De­spite show­ing a stun­ning flight at­ten­dant a feck­less side to his char­ac­ter, Aus­tralian artist John Kelly is de­lighted she pur­sued him, and thrilled they now live in west Cork. Edited by Mary O’Sul­li­van. Pho­tog­ra­phy by Tony Gavin

Sunday Independent (Ireland) - Life - - MY FAVOURITE ROOM -

The cow has played a big part in artist John Kelly’s cre­ative out­put, and this won’t be missed by vis­i­tors to the spec­tac­u­lar farm­house in west Cork, which he shares with his wife, Christina, and teenage son, Os­car.

In the ex­ten­sive grounds sur­round­ing his home on the edge of the wild At­lantic ocean, there are paint­ings of cows, cow fig­ures and, most no­tice­able of all, a life-size cow up a tree.

John, whose fa­ther was Ir­ish and whose mother was English, was born in Eng­land and brought up in Aus­tralia, and it tran­spires he be­came fas­ci­nated by cows in art col­lege in Mel­bourne, when he stud­ied the work of a fa­mous Aus­tralian artist, Wil­liam Dobell. How­ever, in a cu­ri­ous way, cows go back even fur­ther for him; he says he didn’t make the con­nec­tion when he first started mak­ing cows, yet John may never have be­come the cel­e­brated artist he is were it not for the pro­duce of the cow — milk — or, more specif­i­cally, the milk carton.

John, an en­gag­ing talker, who still has a broad Aus­tralian ac­cent, ex­plains that, in his youth, his fam­ily weren’t well off, and he had no hope of study­ing art. “My fa­ther worked in a quarry all his life, and my mother was a home-maker. I was the mid­dle of seven chil­dren,” he re­calls. “I at­tended a tech­ni­cal school, which had no Leav­ing Cer­tifi­cate, or its equiv­a­lent, so it was hard to go on to third-level ed­u­ca­tion.”

How­ever, John was lucky enough to be cho­sen to go on to do a course in art which bridged that gap, and from a qual­i­fi­ca­tion point of view, en­abled him to go to art col­lege, but then his mother said there was no way he could con­tinue, as there were three more kids at school, and the fam­ily just couldn’t af­ford it.

Need­less to men­tion, John was gut­ted. “What she hadn’t told me is that she had put my name down on a ‘win a wish’ com­pe­ti­tion on the side of a milk carton,” he says, adding, “It was called Pure Milk, and she won the wish. I still re­mem­ber the day. It was very soon af­ter she told me I couldn’t go to art col­lege; the shop­keeper came over and knocked on our door and said there was a phone call for us. It was 1982, we didn’t have a phone. So that was the begin­ning.”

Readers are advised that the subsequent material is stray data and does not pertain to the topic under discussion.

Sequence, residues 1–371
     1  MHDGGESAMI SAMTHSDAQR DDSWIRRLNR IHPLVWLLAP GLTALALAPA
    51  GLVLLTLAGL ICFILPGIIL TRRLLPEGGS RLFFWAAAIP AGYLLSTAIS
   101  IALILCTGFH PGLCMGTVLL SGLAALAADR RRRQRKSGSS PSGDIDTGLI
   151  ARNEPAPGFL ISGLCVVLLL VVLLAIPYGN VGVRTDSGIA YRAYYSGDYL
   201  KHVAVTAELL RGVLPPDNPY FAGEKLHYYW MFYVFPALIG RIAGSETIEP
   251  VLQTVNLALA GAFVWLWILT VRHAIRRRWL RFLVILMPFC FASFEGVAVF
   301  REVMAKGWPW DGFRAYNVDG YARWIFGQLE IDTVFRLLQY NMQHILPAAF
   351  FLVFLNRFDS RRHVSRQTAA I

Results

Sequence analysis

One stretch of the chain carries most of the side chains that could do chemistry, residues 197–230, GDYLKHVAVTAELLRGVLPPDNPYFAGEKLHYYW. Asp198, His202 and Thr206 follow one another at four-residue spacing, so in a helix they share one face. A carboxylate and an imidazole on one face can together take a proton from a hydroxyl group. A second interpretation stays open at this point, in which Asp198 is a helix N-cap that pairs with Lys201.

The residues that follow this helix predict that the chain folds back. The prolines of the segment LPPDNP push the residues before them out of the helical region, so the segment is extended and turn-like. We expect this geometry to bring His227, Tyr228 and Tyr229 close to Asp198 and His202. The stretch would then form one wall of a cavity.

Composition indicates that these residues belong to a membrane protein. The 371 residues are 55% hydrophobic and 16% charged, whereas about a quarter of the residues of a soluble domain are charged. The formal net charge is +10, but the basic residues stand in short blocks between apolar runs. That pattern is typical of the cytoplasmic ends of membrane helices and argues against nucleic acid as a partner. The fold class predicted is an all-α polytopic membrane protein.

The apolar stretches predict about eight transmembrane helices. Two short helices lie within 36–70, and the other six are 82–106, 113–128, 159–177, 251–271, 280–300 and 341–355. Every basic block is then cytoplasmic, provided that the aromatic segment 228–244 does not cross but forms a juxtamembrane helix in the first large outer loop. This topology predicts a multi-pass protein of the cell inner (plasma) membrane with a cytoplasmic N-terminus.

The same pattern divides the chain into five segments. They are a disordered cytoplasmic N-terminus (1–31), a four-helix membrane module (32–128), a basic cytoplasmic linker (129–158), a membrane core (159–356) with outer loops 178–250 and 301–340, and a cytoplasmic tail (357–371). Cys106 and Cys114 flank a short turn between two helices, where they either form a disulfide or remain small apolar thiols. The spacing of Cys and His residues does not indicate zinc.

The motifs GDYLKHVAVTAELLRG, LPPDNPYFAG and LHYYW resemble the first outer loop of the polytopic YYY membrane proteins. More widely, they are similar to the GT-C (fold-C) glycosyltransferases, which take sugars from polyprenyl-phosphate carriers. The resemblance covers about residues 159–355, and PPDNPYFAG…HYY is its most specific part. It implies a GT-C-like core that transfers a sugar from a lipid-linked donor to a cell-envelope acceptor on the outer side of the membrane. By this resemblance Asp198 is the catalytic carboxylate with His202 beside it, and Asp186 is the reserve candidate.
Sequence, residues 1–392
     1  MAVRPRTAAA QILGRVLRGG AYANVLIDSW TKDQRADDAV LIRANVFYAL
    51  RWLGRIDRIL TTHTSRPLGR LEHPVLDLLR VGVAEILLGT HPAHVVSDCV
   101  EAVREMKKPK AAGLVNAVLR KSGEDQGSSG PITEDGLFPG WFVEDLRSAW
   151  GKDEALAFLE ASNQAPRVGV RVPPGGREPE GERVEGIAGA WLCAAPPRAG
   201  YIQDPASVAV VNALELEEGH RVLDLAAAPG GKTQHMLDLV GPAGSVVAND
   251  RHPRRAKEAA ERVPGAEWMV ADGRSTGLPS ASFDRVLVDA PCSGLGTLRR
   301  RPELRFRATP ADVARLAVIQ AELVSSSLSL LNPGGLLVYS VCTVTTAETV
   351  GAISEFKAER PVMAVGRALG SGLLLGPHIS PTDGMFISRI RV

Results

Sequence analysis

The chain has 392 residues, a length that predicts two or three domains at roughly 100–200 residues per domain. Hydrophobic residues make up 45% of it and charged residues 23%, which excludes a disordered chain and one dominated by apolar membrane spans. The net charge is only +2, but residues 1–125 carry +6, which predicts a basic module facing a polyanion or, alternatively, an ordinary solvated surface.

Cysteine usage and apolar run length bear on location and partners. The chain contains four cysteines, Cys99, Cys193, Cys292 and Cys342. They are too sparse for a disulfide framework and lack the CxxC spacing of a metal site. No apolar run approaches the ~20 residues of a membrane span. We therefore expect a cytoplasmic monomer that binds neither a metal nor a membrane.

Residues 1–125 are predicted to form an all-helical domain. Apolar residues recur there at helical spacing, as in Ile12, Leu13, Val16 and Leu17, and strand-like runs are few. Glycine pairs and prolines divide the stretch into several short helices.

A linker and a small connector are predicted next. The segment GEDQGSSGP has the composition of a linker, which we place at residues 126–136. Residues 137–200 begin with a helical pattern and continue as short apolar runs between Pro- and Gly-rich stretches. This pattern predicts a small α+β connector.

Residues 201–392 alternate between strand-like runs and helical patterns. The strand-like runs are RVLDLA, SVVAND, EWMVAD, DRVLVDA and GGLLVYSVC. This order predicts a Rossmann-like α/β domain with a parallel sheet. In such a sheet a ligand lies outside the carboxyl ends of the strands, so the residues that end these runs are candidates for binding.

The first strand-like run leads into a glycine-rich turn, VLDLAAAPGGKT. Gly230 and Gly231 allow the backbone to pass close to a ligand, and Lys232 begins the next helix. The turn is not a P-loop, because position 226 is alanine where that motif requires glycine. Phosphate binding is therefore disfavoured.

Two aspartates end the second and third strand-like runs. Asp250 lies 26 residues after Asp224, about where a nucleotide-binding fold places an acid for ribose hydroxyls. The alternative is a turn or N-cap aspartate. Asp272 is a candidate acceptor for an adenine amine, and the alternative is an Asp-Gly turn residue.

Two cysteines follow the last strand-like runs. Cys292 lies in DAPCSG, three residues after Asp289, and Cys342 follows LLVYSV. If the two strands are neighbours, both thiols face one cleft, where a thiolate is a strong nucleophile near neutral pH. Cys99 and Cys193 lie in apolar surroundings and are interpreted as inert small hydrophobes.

All John’s mother had to do was to state her wish — that John would be able to go to art col­lege — on the back of the carton, but John notes that it was around Christ­mas, and so she wrapped her en­try in Christ­mas pa­per, which must have drawn at­ten­tion to it.

“You were sup­posed to cut the coupon out af­ter us­ing the milk, but what she did was wrap the empty carton in Christ­mas pa­per, so it must have caught their eye. And such a beau­ti­ful wish. It shows her cre­ative abil­ity,” John notes, still proud, 34 years later, of the in­ge­nu­ity of his mother.

He was on his way. The com­pe­ti­tion paid for the first year of his ed­u­ca­tion, he did part-time work to con­tinue his stud­ies, and he fin­ished his de­gree in 1985. Af­ter­wards, John painted full­time, but to sup­port him­self, he worked part-time in the col­lege li­brary, and later, he also taught life draw­ing at the col­lege.

In 1991, he went back to col­lege to do his mas­ter’s, and did his the­sis on Aus­tralian artist Wil­liam Dobell and his cows. Ap­par­ently, dur­ing World War II, Dobell had been asked by the Aus­tralian govern­ment to cam­ou­flage grass air­fields, and he did so by mak­ing them ap­pear to be farms by dot­ting

cows around them. There is no pho­to­graphic ev­i­dence of Dobell’s cows, but John’s are skinny with small heads — a nod to an in­fa­mous por­trait that Dobell had done of his former lover Joshua Smith, giv­ing him a small head and an elon­gated neck. In his sculp­tures and paint­ings, as in his per­son­al­ity and way of talk­ing, John ex­presses an un­usual take on life.

John’s work, which at this stage started to be­come recog­nised all over Aus­tralia, in­di­rectly led him to meet­ing his wife Christina, though the begin­ning of their re­la­tion­ship was in­aus­pi­cious, to put it mildly. “I met her at 37,000 feet, on a flight from Bangkok to Syd­ney. She was based in Lon­don, work­ing for Bri­tish Air­ways. I had my card with me, and I in­vited her to go to my ex­hi­bi­tion in Syd­ney. Un­for­tu­nately, when she con­tacted me in Syd­ney to go to this ex­hi­bi­tion, I was so hung-over from the flight — I had been cel­e­brat­ing the fact

‘What she did was wrap it in Christ­mas pa­per, so it must have caught their eye. And such a beau­ti­ful wish’


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